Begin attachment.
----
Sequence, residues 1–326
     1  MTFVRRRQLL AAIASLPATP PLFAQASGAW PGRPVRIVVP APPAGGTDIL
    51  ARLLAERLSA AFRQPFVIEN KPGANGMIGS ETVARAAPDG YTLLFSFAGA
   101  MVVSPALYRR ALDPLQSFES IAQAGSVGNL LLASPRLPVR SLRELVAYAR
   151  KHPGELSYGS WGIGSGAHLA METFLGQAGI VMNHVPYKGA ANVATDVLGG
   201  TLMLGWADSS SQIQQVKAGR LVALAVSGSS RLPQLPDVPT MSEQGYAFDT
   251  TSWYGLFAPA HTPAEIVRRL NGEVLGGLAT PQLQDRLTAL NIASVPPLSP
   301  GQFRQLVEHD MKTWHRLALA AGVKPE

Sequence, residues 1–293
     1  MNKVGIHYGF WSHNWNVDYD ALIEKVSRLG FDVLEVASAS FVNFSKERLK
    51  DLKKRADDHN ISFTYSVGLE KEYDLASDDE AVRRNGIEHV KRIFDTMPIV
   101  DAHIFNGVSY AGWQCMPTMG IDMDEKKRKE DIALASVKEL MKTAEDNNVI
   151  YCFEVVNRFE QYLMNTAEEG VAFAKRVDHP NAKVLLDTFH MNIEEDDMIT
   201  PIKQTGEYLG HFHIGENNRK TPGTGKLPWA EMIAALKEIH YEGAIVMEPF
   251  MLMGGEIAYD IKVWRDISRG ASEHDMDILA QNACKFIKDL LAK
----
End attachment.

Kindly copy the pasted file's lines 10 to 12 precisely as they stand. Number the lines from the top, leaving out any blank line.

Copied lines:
     1  MNKVGIHYGF WSHNWNVDYD ALIEKVSRLG FDVLEVASAS FVNFSKERLK
    51  DLKKRADDHN ISFTYSVGLE KEYDLASDDE AVRRNGIEHV KRIFDTMPIV
   101  DAHIFNGVSY AGWQCMPTMG IDMDEKKRKE DIALASVKEL MKTAEDNNVI